The Big Idea: Leanna Renee Hieber
Yes, my friends, the 80s are back! No, not the 1980s: The 1880s, where author Leanna Renee Hieber has spent much of her creative life, culminating in her new novel The Eterna Solution, the third book in her Eterna Files series. And what has Hieber been doing, back there in the 1880s? Just you wait.
LEANNA RENEE HIEBER:
The big idea behind The Eterna Files series came from my desire to fashion two 1880s X-Files-esque and MI-5 kind of departments chock full of interpersonal drama and lively characters. And then set them against a huge, paranormal evil. Phantasmagorical fireworks ensue.
This is my third Gaslamp Fantasy series and one of two connected series with Tor Books, a house that has been actively reissuing my award-winning and bestselling- but previously out of print- Strangely Beautiful saga.
The Eterna world embraces the importance of personal magic and the resilience of the human spirit. Beloved Gothic traditions are all present but reimagined; Ghosts! Adventure! Mystery and Drama! But for all my Sturm und Drang, I wanted to craft small, practical, meaningful moments of magic. When imbued with personal spirit and private meaning, tiny gestures have a huge protective quality. The quest for understanding, for meaning, for purpose and calling drives all of my characters. That’s what makes their embrace of personal, localized magic very powerful. This is a saga of Wards.
My Eterna Files trilogy culminates this week in the brand new The Eterna Solution. The series features a huge cast of quirky, inclusive characters from London and New York, in an 1882 timeline very much like our own, but in which paranormal aspects dominate the lives of a select few. The first book (The Eterna Files) is a parallel narrative following two teams in New York and London that entwine by the second book (Eterna and Omega).
Spiritualists, policemen, circus performers and secretaries join forces as the Eterna Commission in New York and the Omega Department in London, both created to focus on pursuing immortality, become allies when they realize they’ve been pitted against one another by a vile, secret cabal dealing in foul, malevolent magic.
I started my first novel when I was a pre-teen and it was set in 1888. I’ve been writing about this decade for most of my life. It’s not just a penchant, it’s a calling that drives me on a level that defies even my own understanding. Perhaps I’m like one of the many Spiritualist mediums in my work; channeling an age that whispers its hopes and dreams to me and wants me to tell its stories, all of which feel deeply, inexplicably personal.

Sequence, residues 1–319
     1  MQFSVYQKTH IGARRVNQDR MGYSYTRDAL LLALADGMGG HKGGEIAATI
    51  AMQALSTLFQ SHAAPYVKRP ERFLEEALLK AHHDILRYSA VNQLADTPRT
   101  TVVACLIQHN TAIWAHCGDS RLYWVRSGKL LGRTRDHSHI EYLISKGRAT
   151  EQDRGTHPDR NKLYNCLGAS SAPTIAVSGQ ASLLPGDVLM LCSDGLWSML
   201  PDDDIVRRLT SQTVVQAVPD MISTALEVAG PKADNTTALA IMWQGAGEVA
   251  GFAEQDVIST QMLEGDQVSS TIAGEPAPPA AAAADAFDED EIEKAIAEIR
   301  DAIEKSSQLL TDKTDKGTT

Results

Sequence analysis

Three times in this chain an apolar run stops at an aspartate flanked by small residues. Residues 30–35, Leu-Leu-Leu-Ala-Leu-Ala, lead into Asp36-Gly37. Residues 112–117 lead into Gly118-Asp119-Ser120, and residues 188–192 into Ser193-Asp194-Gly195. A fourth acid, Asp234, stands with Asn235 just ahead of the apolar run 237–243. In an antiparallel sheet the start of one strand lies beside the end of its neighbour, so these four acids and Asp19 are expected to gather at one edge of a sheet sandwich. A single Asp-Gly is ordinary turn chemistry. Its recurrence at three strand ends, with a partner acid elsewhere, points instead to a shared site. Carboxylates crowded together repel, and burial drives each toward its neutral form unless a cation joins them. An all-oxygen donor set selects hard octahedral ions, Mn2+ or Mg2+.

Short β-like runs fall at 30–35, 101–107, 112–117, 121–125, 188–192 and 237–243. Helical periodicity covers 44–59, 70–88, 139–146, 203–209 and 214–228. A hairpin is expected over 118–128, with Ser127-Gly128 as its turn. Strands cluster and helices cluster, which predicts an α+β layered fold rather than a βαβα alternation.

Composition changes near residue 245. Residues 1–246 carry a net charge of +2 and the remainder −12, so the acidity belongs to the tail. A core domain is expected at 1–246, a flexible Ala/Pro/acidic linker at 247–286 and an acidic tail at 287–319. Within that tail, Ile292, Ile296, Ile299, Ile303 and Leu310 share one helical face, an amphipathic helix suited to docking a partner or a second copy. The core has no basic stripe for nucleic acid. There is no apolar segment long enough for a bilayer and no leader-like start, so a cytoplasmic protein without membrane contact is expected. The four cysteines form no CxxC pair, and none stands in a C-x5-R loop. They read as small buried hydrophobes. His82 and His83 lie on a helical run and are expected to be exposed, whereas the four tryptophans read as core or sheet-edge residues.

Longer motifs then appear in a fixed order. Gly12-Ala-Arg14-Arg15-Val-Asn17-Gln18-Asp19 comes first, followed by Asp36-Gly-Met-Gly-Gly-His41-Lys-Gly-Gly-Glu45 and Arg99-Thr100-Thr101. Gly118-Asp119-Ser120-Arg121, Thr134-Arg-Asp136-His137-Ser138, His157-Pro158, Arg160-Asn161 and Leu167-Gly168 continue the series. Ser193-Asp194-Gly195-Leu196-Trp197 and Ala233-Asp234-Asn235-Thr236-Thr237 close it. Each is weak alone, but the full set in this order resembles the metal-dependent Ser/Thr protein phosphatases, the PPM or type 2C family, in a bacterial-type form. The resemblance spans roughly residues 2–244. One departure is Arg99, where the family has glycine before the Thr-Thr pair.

Clara Templeton, one of the series stars, was one of the hardest characters I’ve ever written, because she’s the closest to me and there’s a danger there. I had to separate her out from me like untangling a knot of woven hair in order to have any kind of objectivity. The heart and soul of her remains deeply intimate. Alternately, her foil, my stoic London detective Harold Spire is a fierce skeptic and almost a curmudgeon, and yet such an effective teammate despite polar differences. I grew to love him all the more for his opposite nature.
As a New Yorker of over 12 years, and having spent months across many years researching in London, the power of a place is the core of my personal, Ward-driven magic. As a New York City tour guide for Boroughs of the Dead, Manhattan’s highest rated ghost tour company; I tell the stories of New York ghosts as friends of mine, haunts I visit every week. They’re the immortal story my characters seek, and the stages of New York and London are such rich characters in and of themselves.
My characters are unapologetically themselves and seek to be treated with respect and full rights in a society that was extremely limiting, restrictive and compartmentalized. They find allies and community, found families and fellow travelers. Contrary to the rare reader who thinks I, as a modern writer, force feminism, orientation and/or racial equality on my characters in some sort of anachronistic take, my characters’ attitudes reflect actual historic evidence and tracts that date back far earlier than my 1882 setting.
My characters don’t gloss over inequalities in any way, however they have been raised with the idea of respect and inclusion for generations. (Just as one historical example, Victoria Woodhull ran for President in 1872, a decade prior than my setting, with Frederick Douglass (doing great things) as her running mate. She came up from within the broad Spiritualist movement in which I have embedded my main characters, a collective that was entwined with suffrage and civil rights.)
The punk in Steampunk is only earned by questioning power dynamics and institutions, and I’m in the related/parallel genre as a Gaslamp Fantasy novelist. (To make the genre delineation clear: Steampunk is Steam-powered-era Science Fiction in which characters solve problems with SciFi tropes and innovative technology, Gaslamp Fantasy is gas-lit-era Fantasy where characters solve problems with Fantasy tropes and spectral, magical conventions). My characters question their world, chafe against strictures, and seek to be reformers just as many movements did.
Since I’m working in a covert branch environment, paranormal aspects carve out space for all my characters to have as much agency and self-determination as they all deserve and the secret departments allow for workings around societal restrictions. The era itself is rife with conflict, which is always great for storytelling, and as the 19th century was rather obsessed with ghosts, séances, pseudo-sciences and occult goings on, my Eterna world is a phantasmagorical reality not far from our own, and I dearly hope you’ll come along for the action, fancy outfits, adventure, tidbits of actual history, and plenty of murder and mayhem. Cheers and Happy Haunting!